In the opinion piece published in the Algemeen Dagblad, the NPLV directors called for social housing to be rented out with priority to certain people. Citizens who, according to the NPLV directors, should have priority for social housing are those who 'do not demand extra attention from neighbours or authorities.' Examples given for this description are people with professions such as teachers, police officers, and caregivers. The researchers do not find this to be a solution. They write in the Volkskrant: "In practice, this means that vulnerable groups are pushed even further into the margins. It is also an indirect solution: applying band-aids for certain groups solves the lack of affordable housing. Only expanding and making the social housing sector more accessible would address this problem at its root." 

The Rotterdamwet 

2006, the Act on Extraordinary Measures for Urban Problems was first applied in Rotterdam. For this reason, the law is also called the Rotterdamwet. In their opinion piece in the Volkskrant, the researchers criticize the law: "This law is controversial because of its discriminatory and exclusionary nature. Based on the law, people without income from work can be excluded from areas where the measure applies." The researchers also write that multiple evaluations have been conducted testing the law, but no evidence has been found that the Rotterdamwet improves livability and safety in the neighbourhoods. 

The researchers point out the negative consequences of the Rotterdamwet: "The law does limit the options of housing seekers, including a disproportionately large number of people with a migration background. These people are moved to the outskirts of the city. Their problems remain unresolved or worsen due to a greater distance to facilities." 

Custers points to the so-called Asset Based Community Development (ABCD) as a popular alternative. ABCD is a process that brings people together in their neighbourhood, intending to bring about change collectively. ABCD focuses on making a community visible and strengthening it.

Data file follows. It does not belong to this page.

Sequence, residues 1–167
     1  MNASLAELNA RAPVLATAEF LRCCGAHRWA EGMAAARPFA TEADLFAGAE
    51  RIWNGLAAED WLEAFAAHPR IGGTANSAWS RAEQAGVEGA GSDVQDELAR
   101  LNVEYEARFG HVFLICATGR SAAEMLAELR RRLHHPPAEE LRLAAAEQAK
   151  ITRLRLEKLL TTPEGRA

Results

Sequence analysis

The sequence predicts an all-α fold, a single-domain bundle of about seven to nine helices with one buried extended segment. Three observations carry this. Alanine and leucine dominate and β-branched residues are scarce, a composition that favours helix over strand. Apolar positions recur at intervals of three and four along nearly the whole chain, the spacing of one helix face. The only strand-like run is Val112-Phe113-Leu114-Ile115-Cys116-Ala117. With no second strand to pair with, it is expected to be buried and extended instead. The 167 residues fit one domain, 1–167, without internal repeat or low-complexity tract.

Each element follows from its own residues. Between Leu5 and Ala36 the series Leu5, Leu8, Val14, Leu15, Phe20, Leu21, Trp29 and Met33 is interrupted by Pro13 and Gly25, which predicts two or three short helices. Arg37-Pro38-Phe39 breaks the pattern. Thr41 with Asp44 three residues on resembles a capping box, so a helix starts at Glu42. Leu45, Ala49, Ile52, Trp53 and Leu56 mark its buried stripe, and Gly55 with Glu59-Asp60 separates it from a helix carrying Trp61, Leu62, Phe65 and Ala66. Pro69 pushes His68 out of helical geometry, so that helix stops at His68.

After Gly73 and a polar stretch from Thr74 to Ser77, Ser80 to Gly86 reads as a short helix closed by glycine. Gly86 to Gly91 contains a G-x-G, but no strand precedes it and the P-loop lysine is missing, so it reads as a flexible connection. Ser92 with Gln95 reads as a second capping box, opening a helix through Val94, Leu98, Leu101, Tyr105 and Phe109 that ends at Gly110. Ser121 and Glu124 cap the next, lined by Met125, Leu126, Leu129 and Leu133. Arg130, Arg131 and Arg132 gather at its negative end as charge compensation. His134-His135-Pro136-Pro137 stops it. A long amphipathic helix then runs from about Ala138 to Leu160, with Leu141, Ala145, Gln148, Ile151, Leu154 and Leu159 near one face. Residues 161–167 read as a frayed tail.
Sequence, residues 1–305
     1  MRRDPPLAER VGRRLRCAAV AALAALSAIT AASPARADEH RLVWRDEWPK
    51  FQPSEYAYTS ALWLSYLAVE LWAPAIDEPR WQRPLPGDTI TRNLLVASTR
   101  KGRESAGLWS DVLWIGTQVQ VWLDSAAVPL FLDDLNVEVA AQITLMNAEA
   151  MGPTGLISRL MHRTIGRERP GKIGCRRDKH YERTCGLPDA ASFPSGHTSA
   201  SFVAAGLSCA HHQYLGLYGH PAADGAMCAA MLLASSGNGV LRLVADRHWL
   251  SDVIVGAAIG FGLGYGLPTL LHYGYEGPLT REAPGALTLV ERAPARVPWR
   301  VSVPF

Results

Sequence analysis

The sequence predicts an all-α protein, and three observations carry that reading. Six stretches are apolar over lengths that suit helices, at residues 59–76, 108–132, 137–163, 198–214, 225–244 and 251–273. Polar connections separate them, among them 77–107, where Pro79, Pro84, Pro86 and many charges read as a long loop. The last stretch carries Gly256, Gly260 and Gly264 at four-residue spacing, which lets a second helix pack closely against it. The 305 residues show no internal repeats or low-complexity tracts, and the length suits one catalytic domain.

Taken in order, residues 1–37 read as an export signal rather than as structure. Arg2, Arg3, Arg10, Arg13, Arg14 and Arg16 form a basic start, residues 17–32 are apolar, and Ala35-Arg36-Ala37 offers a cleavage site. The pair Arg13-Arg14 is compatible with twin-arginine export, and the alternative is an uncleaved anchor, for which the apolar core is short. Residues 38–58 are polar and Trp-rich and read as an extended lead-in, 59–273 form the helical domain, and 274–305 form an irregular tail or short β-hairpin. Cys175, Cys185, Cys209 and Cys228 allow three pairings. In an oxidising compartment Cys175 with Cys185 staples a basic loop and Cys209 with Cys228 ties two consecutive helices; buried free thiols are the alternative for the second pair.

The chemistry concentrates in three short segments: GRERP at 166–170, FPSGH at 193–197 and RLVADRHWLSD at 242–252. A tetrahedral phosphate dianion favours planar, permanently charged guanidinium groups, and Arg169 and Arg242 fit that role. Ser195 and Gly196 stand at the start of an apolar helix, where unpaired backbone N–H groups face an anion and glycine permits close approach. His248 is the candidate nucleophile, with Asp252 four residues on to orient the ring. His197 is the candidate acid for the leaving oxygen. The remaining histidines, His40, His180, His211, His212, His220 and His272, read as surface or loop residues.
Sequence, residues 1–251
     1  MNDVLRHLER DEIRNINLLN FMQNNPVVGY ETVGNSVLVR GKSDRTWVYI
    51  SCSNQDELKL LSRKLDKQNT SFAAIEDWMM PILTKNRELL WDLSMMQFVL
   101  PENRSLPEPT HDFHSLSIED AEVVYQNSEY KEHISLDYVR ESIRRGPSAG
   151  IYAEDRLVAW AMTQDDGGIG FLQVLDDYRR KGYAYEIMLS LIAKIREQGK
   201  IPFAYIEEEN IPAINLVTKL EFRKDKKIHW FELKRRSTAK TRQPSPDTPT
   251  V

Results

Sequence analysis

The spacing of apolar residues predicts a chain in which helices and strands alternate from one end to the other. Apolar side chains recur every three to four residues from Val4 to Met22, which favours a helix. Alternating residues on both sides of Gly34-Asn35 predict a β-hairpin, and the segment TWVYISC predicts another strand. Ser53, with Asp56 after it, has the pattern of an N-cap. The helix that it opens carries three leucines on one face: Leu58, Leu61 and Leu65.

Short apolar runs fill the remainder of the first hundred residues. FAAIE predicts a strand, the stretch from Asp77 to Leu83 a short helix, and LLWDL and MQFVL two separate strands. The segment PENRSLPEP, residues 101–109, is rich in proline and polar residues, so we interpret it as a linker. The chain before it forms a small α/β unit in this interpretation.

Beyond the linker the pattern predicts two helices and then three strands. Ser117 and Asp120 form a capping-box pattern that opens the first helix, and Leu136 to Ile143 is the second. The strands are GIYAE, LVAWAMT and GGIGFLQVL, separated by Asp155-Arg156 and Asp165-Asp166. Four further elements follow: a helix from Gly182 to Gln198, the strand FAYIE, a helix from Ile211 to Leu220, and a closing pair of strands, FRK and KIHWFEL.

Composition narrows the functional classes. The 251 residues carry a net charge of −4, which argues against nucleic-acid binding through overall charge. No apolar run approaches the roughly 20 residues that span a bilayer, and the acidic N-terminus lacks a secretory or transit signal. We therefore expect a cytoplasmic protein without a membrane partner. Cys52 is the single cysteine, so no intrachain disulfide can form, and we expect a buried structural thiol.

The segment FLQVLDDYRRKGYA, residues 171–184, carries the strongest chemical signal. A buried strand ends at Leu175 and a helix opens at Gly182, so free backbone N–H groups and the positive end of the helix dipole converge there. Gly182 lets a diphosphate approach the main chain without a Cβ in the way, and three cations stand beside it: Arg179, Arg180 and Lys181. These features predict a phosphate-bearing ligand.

Is it a citizen's or the government's problem? 

Finally, the researchers criticize that little attention is paid to the NPLV directors' opinion piece on how the current situation came about. Regarding social issues, blame is often placed on residents of vulnerable neighbourhoods without delving into the influence of government policies implemented in recent years. The researchers write in their opinion piece in the Volkskrant: "For example, the social housing sector has gradually been dismantled and stripped, there have been cuts to the social minimum, social provisions have disappeared, and the government has largely stopped structural investments in vulnerable neighbourhoods." 

The researchers indicate that they support structural investments in vulnerable neighbourhoods. In this way, people can have more perspective. According to the researchers, different measures need to be taken to provide people with more perspective than the NPLV directors propose: "Provide more support to the countless resident initiatives active in vulnerable neighbourhoods. Give residents a serious role in shaping the approach in their neighbourhood rather than imposing from above what the neighbourhood should be. So, no artificial social mixing favouring affluent residents." 

Assistant professor
More information

You can read the opinion piece by the researchers here.